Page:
A new epoch for the lance was opened after the collapse of the Polish-Lithuanian State when a new army was formed abroad at the dawn of the Napoleonic period. The cavalry regiment of the Polish Auxiliary Legion of the Cisalpine Republic in Italy was created at the turn of 1798 and 1799. This regiment, armed with lances, fought all the time, till 1815, outside Poland but greatly contributed to the fame of the Polish lance all over the world. In the ranks of this regiment the system of handling the lance was minutely practised and then put into formal military regulations (1810). Translated into foreign languages, it was taken over by most of the European armies and maintained throughout many decades, even in the times when the authors had quit the world scene. In lance handling the Legion cavalry, later the Ułani Nadwiślańscy (Vistula Lancers) and the 7th Regiment of Chevaux-Légers Lanciers of the French Line proved unmatched masters, showing an unquestionable superiority. The history of this regiment is the same time the story of the lance, demonstrated on numerous battlefields. As a unit of the French Army in Italy (Armée d'Italie), the regiment fought in the northern part of the country, at Trebbia (June 1799), being the only troop which could successfully oppose the cossacks of Suworow. In December 1799, pushed over to the Army of the Rhine, it won laurels at Hohenlinden (1800). In 1807 it was again in Italy (Naples and Rome) and then, over a long, route (via Dresden, Wrocław, Berlin and Paris) arrived in Spain (May 1808). Here began the most brilliant chapter in the regiment's history. The Polish lancers distinguished themselves at Tudela and at Aragon (June 1808). In December of the same year, they turned the scale of victory at Aimarez, later on they happily broke through the enemy's ring at Ivenes (April 1809). They decided the victory at Ciudad-Real (March 1809) and inflicted a crushing defeat on the British cavalry, especially on the 13th Regiment of Dragoons, in the charge at Talavera de la Reina (July 1809). At Ocana (November 1809) a 5 thousand strong corps of Spanish cavalry was routed. At Arquillos (January 1810) 2 thousand Spanish infantrymen were taken prisoner by the Polish lancers. At Albuhera (May 1811) in a very short time a similar fate befell the three regiments of British infantry: 5 standards and 900 prisoners were taken by the Poles. In the period of the Russian campaign, when all the Napoleonic forces were engaged, Marshal Soult, breaking orders, decided to keep with himself the squadrons of the regiment till the summer of 1812 and even longer, till the spring of 1813.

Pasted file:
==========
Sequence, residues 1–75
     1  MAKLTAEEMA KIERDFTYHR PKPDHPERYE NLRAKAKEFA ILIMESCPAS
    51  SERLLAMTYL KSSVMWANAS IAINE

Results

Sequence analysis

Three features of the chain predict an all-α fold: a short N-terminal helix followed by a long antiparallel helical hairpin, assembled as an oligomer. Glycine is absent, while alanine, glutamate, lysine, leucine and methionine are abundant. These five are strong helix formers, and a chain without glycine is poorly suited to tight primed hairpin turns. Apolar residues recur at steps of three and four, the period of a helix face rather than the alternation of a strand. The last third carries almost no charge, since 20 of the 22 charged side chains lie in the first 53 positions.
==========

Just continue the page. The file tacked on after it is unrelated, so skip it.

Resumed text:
The fame of the Polish lance had reached its climax, and another Polish cavalry regiment, the Chevaux-Légers of the Imperial Guard, largely contributed to this fame, particularly after the battle at Wagram (July 1809). These young cavalrymen brought defeat to the Austrian uhlans, having snatched the lances from their hands and turning against them. "Qu'on leur donne lances, puisqu'ils savent si bien s'en servir" called out Napoleon when this deed was reported to him. Soon the chevaux-legers were really furnished with lances.